Karen Kilgariff
Live at the Bootleg
AST Records

By John Wenzel

Rating: ★★★★

There’s an outtake from Season 3 of HBO’s Mr. Show with Bob and David in which Karen Kilgariff, then a performer on the Nineties sketch series, mocks herself by furrowing her brow and shaking her first at someone off camera after flubbing a line. It’s throwaway by design, but it sticks with the viewer and underscores Kilgariff’s ability to turn random moments of self-awareness into pointed, memorable humor.

Live at the Bootleg

Kilgariff’s Live at the Bootleg, recorded in September at L.A.’s Bootleg Theater, gives her even more chances to bring out the knives in song  form—an accomplishment in a genre not always known for its poignant gifts to the comedy canon. On album opener “I Want to Win,” we learn more about her in two and a half minutes than we do from entire sets of other standups.

She’s jealous of Tina Fey (her job, her money, her glory) and ready to kill the next person who tells her to watch Modern Family. But she’s also doubtful about the possibility for true love and wistfully resigned to its fleeting nature. Communicating these clashing ideas in the same short, sprightly song is an impressive magic trick, and it’s one she pulls off throughout the album.

Kilgariff’s a fine singer, with a wavering, vulnerable voice that falls somewhere between coffee shop balladeer and demented children’s entertainer. Her saccharine delivery complements the murky timbre of her acoustic guitar and sells the jokes against the often bleak, angry lyrics. It’s not Garfunkel and Oates, where the twists are dull and predictable, and the music is painfully cutesy. Nor is it a female Tenacious D, where the joke is in the band’s ego. It’s multi-layered observational comedy with recurring (but not overbearing) feminist themes set against metaphor-laden love songs. Again, not an easy task.

Five of these tracks appeared on Kilgariff’s 2011 EP Behind You, but given their quality and the life a few of them have taken on through podcast appearances, it’s perfectly justifiable to include them on Bootleg. They don’t feel tacked on or dated, especially since the subject matter and styles jump around so much. The connective tissue is Kilgariff’s alternately gracious and catty between-song banter, which proves her ability to play the crowd at least as well as her instrument. “I’m treating this like a Behind the Music,” she says after “Solid 9,” “so if you don’t want to hear it, get the FUCK out right now.”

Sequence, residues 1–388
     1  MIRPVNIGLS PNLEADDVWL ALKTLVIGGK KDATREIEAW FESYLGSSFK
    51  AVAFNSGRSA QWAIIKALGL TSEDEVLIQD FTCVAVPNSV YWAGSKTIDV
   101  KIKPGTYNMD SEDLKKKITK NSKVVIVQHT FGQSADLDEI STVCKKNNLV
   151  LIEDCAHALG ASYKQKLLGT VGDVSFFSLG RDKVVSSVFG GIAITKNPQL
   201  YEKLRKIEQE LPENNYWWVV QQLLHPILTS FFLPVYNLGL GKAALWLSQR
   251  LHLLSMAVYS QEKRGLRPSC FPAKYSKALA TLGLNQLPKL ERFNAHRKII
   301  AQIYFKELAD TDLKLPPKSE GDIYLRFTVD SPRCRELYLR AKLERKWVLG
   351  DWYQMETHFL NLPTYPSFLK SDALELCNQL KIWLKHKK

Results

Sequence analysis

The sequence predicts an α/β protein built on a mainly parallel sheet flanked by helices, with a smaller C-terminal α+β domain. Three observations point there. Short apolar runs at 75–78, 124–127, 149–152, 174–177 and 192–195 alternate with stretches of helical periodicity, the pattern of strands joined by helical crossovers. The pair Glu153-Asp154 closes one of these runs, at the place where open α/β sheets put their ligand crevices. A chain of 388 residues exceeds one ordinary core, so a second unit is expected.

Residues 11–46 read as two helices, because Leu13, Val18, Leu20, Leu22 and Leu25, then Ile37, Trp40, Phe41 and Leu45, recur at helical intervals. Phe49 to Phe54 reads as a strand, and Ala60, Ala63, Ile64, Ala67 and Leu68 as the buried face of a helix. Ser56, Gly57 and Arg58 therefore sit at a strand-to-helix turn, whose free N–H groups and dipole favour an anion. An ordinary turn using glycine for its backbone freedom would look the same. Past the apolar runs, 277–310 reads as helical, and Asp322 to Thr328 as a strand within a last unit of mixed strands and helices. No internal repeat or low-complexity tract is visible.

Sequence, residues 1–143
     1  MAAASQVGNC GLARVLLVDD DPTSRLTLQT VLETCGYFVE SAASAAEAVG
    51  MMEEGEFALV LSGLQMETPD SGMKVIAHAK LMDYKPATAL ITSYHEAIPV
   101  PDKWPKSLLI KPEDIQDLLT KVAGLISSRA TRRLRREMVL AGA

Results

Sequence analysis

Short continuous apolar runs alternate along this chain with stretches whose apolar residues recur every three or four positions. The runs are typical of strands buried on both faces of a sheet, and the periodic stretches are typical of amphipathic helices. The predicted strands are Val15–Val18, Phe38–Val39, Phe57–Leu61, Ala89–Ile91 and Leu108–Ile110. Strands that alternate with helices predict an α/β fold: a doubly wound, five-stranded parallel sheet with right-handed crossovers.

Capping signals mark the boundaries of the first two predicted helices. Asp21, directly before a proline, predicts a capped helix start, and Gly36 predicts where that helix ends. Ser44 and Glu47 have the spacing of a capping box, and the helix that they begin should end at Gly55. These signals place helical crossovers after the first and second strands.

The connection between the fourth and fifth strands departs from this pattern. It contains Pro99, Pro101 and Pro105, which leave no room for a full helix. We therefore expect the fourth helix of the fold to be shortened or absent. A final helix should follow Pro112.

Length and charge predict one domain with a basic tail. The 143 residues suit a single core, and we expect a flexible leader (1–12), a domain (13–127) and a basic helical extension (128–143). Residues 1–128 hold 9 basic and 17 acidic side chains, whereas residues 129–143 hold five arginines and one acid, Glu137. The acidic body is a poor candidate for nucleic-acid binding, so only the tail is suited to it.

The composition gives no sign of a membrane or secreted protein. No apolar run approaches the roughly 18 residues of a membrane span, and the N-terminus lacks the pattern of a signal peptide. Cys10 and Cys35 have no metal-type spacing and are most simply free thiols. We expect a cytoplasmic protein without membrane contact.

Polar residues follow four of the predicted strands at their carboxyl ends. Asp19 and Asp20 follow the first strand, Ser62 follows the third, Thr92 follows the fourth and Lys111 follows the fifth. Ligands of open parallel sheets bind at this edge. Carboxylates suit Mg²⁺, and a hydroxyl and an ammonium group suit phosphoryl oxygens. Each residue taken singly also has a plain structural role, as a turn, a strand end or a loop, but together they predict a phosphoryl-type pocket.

The banter is so charming and loose that it’s hard to imagine Kilgariff doing either a straight stand-up set or a music-only set. The stories are equally as important as the songs. And the songs are pitched perfectly: not complicated or showy, but also meatier than the basic, incidental backing tracks of Zach Galifianakis’s ivory tickling or Demetri Martin‘s meandering acoustic work. Kilgariff discounts her guitar skills a few times, but songs like “Drink Your Way Through Christmas” prove she’s at least confident enough to tackle propulsive, upbeat chord progressions while hitting the vocal high notes.

A press release for the album notes that musical comedy is “rarely done right,” which is a sentiment (and sales tactic) that could have easily backfired had Bootleg not been so great. But given that the titans of the genre, from the Smothers Brothers to Flight of the Conchords, have proven there’s no single way to work humor into melodies, it’s encouraging that Kilgariff’s own take on the genre sounds so fresh and vital.

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